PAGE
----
Susan Smith is a killer from South Carolina who was convicted in the murders of her two sons
According to court documents Susan Smith would call police and tell them that a black man had carjacked her vehicle with her two young sons in the vehicle. This set off a massive search that would last for nine days with Susan appearing multiple times begging for the safe return of her sons. However it was all a lie
Susan Smith would then confess to driving her vehicle into a South Carolina lake where she would allow the vehicle to sink with three-year-old Michael and 14-month-old Alexander in the car
Susan Smith would be arrested, convicted and would be sentenced to life in prison with no parole for 30 years. Susan is eligible for parole in 2024
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Susan Smith Case
A jury today decided that Susan Smith should not be put to death for the drowning of her two young sons, and instead should spend the rest of her life in prison, to remember.
It took the jury two and one-half hours to reject the prosecution’s request for the death penalty and settle on the life sentence. The jury’s unanimous decision saved Mrs. Smith, 23, from death row, but left her alone in a tiny cell with the ghosts of her dead children, for at least the next 30 years, her lawyer said.
“This young woman is in a lake of fire,” said the lawyer, David Bruck. “That’s her punishment.”
Mr. Bruck had argued that Mrs. Smith was so distraught over the deaths of her children, Michael, 3, and Alex, 14 months, that she did not want to live. But as the jury’s verdict was read, she gasped, and slipped her arm around Mr. Bruck’s waist to give him a quick, firm, hug.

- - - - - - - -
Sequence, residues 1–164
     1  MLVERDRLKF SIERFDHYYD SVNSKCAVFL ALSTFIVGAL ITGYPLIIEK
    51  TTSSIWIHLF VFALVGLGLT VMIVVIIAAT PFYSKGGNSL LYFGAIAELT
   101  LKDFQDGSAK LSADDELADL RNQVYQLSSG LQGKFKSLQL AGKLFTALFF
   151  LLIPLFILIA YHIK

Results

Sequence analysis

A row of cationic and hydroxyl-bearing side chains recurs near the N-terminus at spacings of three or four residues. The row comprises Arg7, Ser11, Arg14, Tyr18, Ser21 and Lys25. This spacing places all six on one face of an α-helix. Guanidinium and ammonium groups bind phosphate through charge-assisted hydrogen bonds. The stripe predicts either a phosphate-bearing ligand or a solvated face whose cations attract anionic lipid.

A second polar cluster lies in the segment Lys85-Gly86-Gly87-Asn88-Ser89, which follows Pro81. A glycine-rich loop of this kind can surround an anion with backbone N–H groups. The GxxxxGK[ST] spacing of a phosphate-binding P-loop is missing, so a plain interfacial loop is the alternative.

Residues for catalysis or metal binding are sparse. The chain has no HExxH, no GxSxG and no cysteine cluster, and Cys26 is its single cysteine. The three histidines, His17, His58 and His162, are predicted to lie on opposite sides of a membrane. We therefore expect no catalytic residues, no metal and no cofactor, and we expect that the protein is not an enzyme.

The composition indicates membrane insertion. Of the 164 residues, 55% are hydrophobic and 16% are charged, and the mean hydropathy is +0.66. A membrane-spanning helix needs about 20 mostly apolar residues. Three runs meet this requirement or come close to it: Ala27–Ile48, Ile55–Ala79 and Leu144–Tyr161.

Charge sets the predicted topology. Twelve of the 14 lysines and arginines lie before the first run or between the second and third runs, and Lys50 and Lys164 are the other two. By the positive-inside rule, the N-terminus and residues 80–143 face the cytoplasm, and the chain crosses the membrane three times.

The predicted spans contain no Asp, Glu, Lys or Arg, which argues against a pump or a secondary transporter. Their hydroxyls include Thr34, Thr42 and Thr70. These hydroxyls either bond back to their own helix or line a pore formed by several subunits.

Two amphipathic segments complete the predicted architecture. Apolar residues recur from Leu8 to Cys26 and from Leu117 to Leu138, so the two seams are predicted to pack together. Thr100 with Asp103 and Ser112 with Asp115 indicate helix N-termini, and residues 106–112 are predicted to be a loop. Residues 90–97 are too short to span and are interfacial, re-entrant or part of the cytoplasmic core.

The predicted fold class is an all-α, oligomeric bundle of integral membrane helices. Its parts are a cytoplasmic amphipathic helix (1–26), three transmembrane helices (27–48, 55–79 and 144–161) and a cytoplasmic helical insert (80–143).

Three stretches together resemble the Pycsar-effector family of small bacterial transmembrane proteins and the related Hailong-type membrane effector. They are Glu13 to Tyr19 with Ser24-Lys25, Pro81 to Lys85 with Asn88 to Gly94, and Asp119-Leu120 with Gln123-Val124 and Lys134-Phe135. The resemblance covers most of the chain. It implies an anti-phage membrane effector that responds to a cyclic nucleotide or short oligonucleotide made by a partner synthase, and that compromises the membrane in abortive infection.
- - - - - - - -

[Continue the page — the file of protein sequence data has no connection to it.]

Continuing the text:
Mrs. Smith, at the center of a murder case that first drew the sympathy and later the loathing of the nation, was convicted last Saturday of murder.
To reclaim a lover who said he did not want a relationship with a woman who had children, the prosecutor contended, Mrs. Smith drove to a dark lake on the night of Oct. 25 and sent her car rolling into the water with the two little boys strapped inside in their car seats.
For nine days, Mrs. Smith looked into television cameras and mournfully begged a phantom carjacker, whom she described as a young black man with a gun, to bring her babies back.
Then, after thousands of volunteers had combed back roads, dredged lakes, passed out flyers and prayed for her sons’ safety, she broke down after a prayer with a plain-spoken, methodical county sheriff and said the words that no one wanted to believe.